Structural inequality can be, literally, structural. According to a new study by researchers at the Carnegie Mellon University’s College of Engineering, low-income neighborhoods with mostly Black, Hispanic and single-parent families are likely to have fewer bridges. And when those bridges do exist, they often have low clearance heights, obstructing critical transportation like commercial trucks and buses.
By establishing a correlation between socio-economic and demographic data and where bridges are sited, researchers Samuel Jones and Daniel Armanios confirm what most of us know anecdotally: Much of U.S. infrastructure is built to connect affluent communities to business centers and services, bypassing neighborhoods where low-income communities and people of color live. In other words, structural racism is literally built into our cities. People in poor neighborhoods face barriers to physical goods, including food delivery, and greater difficulty in getting to and from work, education, and even critical services like hospitals.
The new study analyzed more than 20,000 bridges in Pennsylvania across 2,500-plus census tracts, using datasets from the Neighborhood Change Database, a commercially available dataset of US Census data. While building new infrastructure on its own won’t solve systemic racism, Armanios hopes this work will make it easier for engineers to integrate demographic factors from the census into their analyses for where bridges will be constructed. It could also guide decisions around choosing which outdated bridges to repair by governments facing a fiscal squeeze.
He points out infrastructure planning methods typically take into account user data, for example, average daily traffic. But data about communities which reside near the new infrastructure (but may not use it) has been historically sparse, contributing to systemic biases. “These are long standing practices that bias one group of people over others. We want to try to solve the problem rather than allocate blame,” he says, adding that there is growing consensus among civil engineers about the importance of addressing the impact of infrastructure on equity.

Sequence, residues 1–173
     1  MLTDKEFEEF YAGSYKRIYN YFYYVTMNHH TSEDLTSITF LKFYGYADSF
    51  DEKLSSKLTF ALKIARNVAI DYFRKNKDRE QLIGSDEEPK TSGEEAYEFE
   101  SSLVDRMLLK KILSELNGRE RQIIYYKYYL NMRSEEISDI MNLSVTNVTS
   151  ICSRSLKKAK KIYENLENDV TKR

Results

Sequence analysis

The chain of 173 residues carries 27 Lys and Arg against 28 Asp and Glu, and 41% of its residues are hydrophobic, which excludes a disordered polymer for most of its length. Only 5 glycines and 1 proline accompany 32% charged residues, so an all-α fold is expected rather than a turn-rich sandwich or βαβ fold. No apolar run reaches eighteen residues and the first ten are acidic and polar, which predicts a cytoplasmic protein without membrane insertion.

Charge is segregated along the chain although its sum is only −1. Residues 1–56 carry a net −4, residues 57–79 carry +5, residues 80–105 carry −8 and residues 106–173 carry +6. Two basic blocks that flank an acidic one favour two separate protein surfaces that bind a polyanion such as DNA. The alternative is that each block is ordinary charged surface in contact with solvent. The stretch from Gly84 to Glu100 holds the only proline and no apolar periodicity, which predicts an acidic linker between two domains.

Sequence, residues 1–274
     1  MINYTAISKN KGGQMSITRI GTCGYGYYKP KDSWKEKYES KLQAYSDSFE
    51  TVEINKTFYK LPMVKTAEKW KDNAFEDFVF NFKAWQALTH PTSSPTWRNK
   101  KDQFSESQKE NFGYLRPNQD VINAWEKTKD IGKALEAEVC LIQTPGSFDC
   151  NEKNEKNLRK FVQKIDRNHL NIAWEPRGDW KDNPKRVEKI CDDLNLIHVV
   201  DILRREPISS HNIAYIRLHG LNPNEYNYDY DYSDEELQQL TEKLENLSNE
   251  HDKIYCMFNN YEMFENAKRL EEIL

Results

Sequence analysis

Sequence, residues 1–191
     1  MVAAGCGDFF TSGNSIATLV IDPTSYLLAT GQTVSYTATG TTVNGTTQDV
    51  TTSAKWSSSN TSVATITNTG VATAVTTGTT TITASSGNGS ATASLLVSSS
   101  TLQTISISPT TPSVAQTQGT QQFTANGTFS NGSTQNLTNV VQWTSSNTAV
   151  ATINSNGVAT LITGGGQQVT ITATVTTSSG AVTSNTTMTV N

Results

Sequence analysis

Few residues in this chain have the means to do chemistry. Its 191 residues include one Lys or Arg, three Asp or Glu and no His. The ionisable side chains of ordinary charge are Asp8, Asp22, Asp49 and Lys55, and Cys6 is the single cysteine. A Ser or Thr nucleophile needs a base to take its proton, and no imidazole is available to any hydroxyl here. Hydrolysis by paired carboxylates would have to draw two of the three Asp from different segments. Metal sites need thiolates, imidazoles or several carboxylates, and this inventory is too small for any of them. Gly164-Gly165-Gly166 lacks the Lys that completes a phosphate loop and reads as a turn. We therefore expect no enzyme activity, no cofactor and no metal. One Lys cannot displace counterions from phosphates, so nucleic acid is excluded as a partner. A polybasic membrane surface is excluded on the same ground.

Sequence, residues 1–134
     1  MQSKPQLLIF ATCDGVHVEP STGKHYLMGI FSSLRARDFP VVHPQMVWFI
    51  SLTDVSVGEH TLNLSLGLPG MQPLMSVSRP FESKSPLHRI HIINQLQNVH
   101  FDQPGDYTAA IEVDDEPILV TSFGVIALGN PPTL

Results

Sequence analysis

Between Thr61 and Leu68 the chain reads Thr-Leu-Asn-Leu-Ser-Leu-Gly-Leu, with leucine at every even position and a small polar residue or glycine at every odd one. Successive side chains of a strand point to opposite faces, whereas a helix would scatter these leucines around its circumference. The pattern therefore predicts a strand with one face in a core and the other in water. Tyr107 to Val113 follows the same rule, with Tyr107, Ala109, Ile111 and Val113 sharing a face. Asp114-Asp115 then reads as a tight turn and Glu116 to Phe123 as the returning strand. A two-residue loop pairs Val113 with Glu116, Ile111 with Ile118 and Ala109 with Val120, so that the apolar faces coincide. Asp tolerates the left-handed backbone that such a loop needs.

Perhaps it’s no coincidence that the study originated in Pittsburgh, where 446 bridges soar over three rivers and countless hills. In the city of bridges, the historic Hill District — nestled between Pittsburgh’s economic powerhouses, the Downtown business district and the Oakland university district — stands testament to the consequences of infrastructure on equity. The neighborhood was once the first stop for Italian, Syrian, Greek, Jewish, and other European immigrants as well as a magnet for African Americans who moved from the South for jobs in Pittsburgh’s industrial economy. While white immigrants kept leaving the neighborhood as they assimilated, the real blow to the community came with the interstate. The new Interstate I-579 moved white families out to the suburbs while disrupting and displacing Hill District’s Black communities.
“The interstate highway isolated the Hill District from Downtown and made it impossible to walk between the neighborhoods. That started the neighborhood’s long-term decay — and we have still not recovered,” says Marimba Milliones, President and CEO of Hill District Community Development Corporation.
Now a new bridge to be owned and operated by the city, the 1-579 CAP Urban Connector Project, is aiming to remedy this by finally reconnecting the Hill District to the Downtown. The “cap” over I-579 is a planned green space on top of the highway built to give residents safe and convenient pedestrian and bicycle connections to employment opportunities and education services in Downtown Pittsburgh. . It’s also intended to be a cultural hub for art and music events to preserve and showcase the Hill District’s Black heritage. While some residents remain skeptical of the bridge’s benefits, “we will keep a watchful eye as the project unfolds to assure the robust community goals outlined in our community’s master plan are met – not just physically, but economically and socially,” says Milliones.
Armanios expects empirical studies and methodological frameworks will add momentum to such efforts around urban redevelopment in Black and brown communities, especially now as cities plan their coronavirus recovery. “Governments can save money in the long term if they increase spending now to build their cities’ resilience,” he argues. The more restricted a community is, for example, the harder it is to socially distance during a pandemic, and the greater is the spending on healthcare and economic relief.
Will our current crisis help to make equity an integral part of cities’ infrastructure decisions? “Any government at any level, federal, state or local, that’s trying to implement policy at this point without an equity lens is just so far behind the times,” says Milliones.
Deepali Srivastava is a writer and editor whose articles on socio-economic and environmental issues have appeared in Forbes Asia, MSNBC.com, strategy-business.com, and Warscapes.com. She is Senior Director of Content Strategy at Global Gateway Advisors.